Adjustable Rate Mortgages: It's All About Timing
Rate shoppers naturally gravitate toward the lowest quotes, but a lower rate can lead to financial trouble if you don’t understand your loan terms. It’s important to know the relationship between rates and fixed terms so you can determine when it’s appropriate to use a shorter loan term instead of a longer one.
Why rates are higher for longer-term loans
The reason for this goes to the root concept of how banks operate. A bank’s business model is to ensure that interest they collect on loans exceeds interest they must pay out on deposits.
Interest that banks must pay you on deposits rises as the economy expands, and falls as the economy contracts over time. It’s easier for banks to manage this interest rate risk in the short term.
For example, interest rates paid on checking and savings deposits are very low because you’re free to withdraw your money any time, while rates paid on certificate of deposit (CD) accounts are slightly higher because the bank requires you to keep those funds deposited for periods of one month to five years.
Because banks know their expenses on deposits for periods up to five years, they know how to price mortgage loans up to five years. Today, many banks would pay you about 2.25 percent on a five-year CD, and they’d charge you about 3.25 percent for a five-year ARM.
But if you were getting a 30-year fixed loan, they might charge you about 3.875 percent — although these rates fluctuate. This rate is higher in order to compensate a bank for the interest rate risk they’re taking. Rates they must pay on deposits might be much higher during that 30-year period as the economy fluctuates, but your 3.875-percent mortgage rate is guaranteed.
Peg loan term to expected time in the loan
Let’s say you were buying a $300,000 home with 20 percent down, and chose the five-year term at 3.25 percent because the $1,044 payment sounded more affordable than the $1,129 payment on the 30-year fixed at 3.875 percent.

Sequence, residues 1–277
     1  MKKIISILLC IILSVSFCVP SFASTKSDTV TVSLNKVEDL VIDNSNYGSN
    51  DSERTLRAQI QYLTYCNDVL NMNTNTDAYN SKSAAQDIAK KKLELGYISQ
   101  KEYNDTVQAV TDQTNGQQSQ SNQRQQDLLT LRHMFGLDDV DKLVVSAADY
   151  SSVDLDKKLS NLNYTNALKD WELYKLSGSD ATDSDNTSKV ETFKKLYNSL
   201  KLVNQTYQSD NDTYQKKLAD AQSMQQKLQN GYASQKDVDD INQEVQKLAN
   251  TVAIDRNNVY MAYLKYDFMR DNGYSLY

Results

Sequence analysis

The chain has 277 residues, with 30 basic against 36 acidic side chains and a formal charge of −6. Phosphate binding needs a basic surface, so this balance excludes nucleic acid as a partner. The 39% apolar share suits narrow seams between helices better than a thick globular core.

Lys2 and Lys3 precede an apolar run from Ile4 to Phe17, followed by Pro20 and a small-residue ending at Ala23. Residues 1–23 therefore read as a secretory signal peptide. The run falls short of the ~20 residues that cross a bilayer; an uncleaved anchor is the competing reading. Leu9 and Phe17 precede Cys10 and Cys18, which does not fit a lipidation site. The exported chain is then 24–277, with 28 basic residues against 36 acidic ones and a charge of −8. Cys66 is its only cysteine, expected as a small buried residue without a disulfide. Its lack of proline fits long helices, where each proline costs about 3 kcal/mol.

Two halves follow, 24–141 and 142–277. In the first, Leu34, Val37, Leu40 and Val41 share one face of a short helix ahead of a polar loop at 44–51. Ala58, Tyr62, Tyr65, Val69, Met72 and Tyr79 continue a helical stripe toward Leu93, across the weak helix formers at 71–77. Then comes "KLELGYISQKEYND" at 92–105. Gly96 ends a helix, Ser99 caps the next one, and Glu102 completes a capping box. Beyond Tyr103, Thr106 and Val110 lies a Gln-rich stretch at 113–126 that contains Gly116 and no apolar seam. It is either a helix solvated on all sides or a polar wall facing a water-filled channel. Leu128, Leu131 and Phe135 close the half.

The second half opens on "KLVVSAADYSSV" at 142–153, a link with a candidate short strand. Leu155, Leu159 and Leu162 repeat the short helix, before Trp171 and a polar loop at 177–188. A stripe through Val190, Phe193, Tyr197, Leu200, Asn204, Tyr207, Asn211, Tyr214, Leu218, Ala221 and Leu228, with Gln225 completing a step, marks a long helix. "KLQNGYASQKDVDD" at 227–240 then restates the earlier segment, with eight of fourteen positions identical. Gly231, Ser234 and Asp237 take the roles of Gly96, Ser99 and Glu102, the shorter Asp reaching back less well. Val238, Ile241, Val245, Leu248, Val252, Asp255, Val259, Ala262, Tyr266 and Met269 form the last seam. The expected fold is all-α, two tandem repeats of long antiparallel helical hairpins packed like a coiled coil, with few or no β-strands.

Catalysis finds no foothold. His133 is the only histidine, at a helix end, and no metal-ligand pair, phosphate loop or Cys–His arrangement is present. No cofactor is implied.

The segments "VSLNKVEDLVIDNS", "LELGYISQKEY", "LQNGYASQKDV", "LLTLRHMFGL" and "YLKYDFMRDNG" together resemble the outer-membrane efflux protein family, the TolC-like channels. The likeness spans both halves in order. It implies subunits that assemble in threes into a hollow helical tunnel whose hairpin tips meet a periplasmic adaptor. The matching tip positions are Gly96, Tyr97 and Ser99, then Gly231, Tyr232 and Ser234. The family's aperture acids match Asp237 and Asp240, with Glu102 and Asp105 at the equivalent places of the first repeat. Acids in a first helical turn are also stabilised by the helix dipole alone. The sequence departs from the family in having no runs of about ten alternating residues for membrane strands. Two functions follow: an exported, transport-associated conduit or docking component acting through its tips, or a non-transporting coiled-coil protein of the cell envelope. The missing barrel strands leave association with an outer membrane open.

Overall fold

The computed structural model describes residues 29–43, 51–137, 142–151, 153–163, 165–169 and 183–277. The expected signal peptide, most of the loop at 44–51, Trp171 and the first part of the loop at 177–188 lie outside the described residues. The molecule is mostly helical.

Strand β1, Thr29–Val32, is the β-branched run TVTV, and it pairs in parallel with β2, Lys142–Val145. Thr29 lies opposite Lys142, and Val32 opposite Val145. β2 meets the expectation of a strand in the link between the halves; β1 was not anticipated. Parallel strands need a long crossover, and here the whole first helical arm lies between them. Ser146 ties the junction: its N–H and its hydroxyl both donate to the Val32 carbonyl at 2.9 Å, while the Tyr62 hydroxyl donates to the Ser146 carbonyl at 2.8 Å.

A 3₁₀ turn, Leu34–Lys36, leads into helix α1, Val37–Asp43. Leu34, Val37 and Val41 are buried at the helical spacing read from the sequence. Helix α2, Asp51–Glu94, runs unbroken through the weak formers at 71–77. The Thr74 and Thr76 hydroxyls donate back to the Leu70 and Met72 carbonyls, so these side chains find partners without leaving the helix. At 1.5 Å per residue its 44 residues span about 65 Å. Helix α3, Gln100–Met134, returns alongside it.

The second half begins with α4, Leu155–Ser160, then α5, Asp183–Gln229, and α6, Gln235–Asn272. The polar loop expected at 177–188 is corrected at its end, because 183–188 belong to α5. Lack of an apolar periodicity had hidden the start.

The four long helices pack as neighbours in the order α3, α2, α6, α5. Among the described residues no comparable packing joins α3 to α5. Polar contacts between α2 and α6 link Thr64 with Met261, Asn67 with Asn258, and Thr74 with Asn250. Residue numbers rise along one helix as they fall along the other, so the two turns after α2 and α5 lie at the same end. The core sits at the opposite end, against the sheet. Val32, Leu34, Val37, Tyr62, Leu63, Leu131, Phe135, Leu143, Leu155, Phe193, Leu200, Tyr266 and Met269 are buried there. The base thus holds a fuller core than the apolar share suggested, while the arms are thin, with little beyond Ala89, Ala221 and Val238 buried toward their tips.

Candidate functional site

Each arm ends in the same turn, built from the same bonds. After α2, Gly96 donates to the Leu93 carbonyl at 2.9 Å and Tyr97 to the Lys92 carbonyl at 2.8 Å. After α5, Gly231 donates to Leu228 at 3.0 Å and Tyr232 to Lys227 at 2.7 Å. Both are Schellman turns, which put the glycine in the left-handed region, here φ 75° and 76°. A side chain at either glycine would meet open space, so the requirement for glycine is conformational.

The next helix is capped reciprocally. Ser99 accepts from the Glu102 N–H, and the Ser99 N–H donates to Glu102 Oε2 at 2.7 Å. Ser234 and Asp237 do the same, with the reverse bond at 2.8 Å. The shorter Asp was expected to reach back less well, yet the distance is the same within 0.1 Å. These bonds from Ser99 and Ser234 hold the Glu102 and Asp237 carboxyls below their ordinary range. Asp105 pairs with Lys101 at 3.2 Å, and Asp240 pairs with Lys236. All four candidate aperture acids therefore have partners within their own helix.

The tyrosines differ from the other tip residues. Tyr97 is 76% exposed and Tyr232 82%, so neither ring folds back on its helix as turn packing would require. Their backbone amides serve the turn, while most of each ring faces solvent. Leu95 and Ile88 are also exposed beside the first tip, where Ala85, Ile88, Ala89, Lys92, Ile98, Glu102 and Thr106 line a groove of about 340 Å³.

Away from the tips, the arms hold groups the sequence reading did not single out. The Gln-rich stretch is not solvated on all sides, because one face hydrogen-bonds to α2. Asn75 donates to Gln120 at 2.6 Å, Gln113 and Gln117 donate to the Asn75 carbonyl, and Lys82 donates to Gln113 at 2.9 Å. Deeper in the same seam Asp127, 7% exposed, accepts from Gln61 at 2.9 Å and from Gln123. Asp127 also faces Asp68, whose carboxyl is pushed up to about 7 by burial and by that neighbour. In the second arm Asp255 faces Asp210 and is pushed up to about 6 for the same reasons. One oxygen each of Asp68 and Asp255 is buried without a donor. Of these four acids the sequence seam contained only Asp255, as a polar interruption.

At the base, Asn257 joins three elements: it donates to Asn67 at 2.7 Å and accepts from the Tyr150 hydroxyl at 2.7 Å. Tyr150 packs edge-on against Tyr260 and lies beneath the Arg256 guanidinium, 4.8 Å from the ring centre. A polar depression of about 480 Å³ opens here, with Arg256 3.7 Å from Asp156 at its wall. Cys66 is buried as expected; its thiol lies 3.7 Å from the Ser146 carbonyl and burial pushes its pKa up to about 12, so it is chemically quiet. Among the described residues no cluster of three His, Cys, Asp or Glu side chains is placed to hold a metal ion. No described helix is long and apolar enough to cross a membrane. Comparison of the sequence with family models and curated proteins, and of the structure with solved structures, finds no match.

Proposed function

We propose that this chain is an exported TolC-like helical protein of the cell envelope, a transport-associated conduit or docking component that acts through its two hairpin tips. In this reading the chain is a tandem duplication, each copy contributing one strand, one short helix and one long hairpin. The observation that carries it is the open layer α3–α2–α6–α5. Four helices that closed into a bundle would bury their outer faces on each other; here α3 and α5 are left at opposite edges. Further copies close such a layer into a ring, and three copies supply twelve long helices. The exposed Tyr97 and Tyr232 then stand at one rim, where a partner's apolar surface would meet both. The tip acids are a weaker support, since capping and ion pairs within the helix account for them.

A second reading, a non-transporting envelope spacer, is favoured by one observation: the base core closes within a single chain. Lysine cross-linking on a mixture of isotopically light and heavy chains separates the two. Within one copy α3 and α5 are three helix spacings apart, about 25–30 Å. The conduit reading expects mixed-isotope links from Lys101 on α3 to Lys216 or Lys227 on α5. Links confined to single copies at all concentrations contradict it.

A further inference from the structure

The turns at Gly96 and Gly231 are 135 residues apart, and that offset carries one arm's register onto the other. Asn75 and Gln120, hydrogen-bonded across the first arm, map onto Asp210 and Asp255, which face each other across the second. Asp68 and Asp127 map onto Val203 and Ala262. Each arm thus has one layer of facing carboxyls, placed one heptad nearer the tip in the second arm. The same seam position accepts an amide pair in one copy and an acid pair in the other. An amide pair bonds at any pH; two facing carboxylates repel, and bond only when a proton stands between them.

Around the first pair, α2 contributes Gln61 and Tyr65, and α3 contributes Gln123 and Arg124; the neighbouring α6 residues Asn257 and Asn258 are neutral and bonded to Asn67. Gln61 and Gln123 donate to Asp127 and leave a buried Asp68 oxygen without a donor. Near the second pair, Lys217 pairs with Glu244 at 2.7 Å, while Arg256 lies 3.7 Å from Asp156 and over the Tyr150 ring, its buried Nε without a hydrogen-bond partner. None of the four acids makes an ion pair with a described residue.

You must be aware that your rate is set for five years, then will adjust each year for 25 years. These adjustments protect the bank from interest rate risk by allowing the loan to move to a market rate when the five-year fixed period expires.
The initial fixed rate of 3.25 percent will change to a market rate comprised of a fluctuating index such as the one-year LIBOR rate (a benchmark for short-term interest rates worldwide) plus a base rate (called a margin) of about 2.25 percent. If the loan adjusted today, it would go down to 2.94 percent because LIBOR remains abnormally low — it was recently .69 percent — as the global economy struggles.
A more normal LIBOR rate is about 3.25 percent. Add that to the ARM margin of 2.25 percent, and your adjusted rate would be more like 6.5 percent, making your new payment in year six jump to $1,447 (which is calculated by amortizing the remaining balance at the five-year mark over the remaining 25 years of the loan).
This is $403 more than the payment on the initial five-year fixed period, and $318 more than the 30-year fixed you could’ve taken. And the loan will adjust to current LIBOR plus 2.25-percent margin once per year from that point forward.
It’s a lot of risk, and raises the question: How do you choose the right balance between the lowest rate and longest fixed term?
The answer is simple: Make sure your rate is fixed for as long as you expect to be in the home or in the loan.
If you know you’ll sell the home or pay off the loan in five years, a five-year ARM is appropriate. Other ARMs you can get have initial fixed periods of three, seven and 10 years, and rates rise as the terms lengthen. If you know you’ll be in the home or the loan longer than 10 years, then your safest budget move is to choose a 15-year fixed or 30-year fixed loan.
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